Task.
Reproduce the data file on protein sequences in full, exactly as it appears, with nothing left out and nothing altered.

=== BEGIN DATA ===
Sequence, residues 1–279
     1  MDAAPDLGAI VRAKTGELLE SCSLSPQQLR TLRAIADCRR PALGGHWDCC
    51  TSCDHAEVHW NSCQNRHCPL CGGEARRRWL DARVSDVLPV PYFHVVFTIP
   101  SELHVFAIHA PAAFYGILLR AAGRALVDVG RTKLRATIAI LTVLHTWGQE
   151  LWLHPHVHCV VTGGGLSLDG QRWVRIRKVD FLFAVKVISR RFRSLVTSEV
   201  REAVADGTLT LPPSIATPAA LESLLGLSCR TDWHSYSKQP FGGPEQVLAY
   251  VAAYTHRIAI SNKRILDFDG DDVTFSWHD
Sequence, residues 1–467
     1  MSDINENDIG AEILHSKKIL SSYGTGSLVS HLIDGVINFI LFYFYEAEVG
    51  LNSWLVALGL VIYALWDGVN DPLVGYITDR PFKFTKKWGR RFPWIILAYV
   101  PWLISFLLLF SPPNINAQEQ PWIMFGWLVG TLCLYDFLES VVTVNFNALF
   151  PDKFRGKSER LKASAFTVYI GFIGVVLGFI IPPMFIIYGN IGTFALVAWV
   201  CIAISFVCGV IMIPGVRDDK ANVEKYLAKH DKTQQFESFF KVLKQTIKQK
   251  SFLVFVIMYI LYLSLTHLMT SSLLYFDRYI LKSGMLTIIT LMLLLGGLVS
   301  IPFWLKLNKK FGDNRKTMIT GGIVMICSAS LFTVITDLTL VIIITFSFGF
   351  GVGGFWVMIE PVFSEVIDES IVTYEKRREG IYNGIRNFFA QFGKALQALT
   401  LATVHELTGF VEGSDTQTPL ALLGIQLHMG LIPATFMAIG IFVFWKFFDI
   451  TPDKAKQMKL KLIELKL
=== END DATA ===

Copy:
Sequence, residues 1–279
     1  MDAAPDLGAI VRAKTGELLE SCSLSPQQLR TLRAIADCRR PALGGHWDCC
    51  TSCDHAEVHW NSCQNRHCPL CGGEARRRWL DARVSDVLPV PYFHVVFTIP
   101  SELHVFAIHA PAAFYGILLR AAGRALVDVG RTKLRATIAI LTVLHTWGQE
   151  LWLHPHVHCV VTGGGLSLDG QRWVRIRKVD FLFAVKVISR RFRSLVTSEV
   201  REAVADGTLT LPPSIATPAA LESLLGLSCR TDWHSYSKQP FGGPEQVLAY
   251  VAAYTHRIAI SNKRILDFDG DDVTFSWHD
Sequence, residues 1–467
     1  MSDINENDIG AEILHSKKIL SSYGTGSLVS HLIDGVINFI LFYFYEAEVG
    51  LNSWLVALGL VIYALWDGVN DPLVGYITDR PFKFTKKWGR RFPWIILAYV
   101  PWLISFLLLF SPPNINAQEQ PWIMFGWLVG TLCLYDFLES VVTVNFNALF
   151  PDKFRGKSER LKASAFTVYI GFIGVVLGFI IPPMFIIYGN IGTFALVAWV
   201  CIAISFVCGV IMIPGVRDDK ANVEKYLAKH DKTQQFESFF KVLKQTIKQK
   251  SFLVFVIMYI LYLSLTHLMT SSLLYFDRYI LKSGMLTIIT LMLLLGGLVS
   301  IPFWLKLNKK FGDNRKTMIT GGIVMICSAS LFTVITDLTL VIIITFSFGF
   351  GVGGFWVMIE PVFSEVIDES IVTYEKRREG IYNGIRNFFA QFGKALQALT
   401  LATVHELTGF VEGSDTQTPL ALLGIQLHMG LIPATFMAIG IFVFWKFFDI
   451  TPDKAKQMKL KLIELKL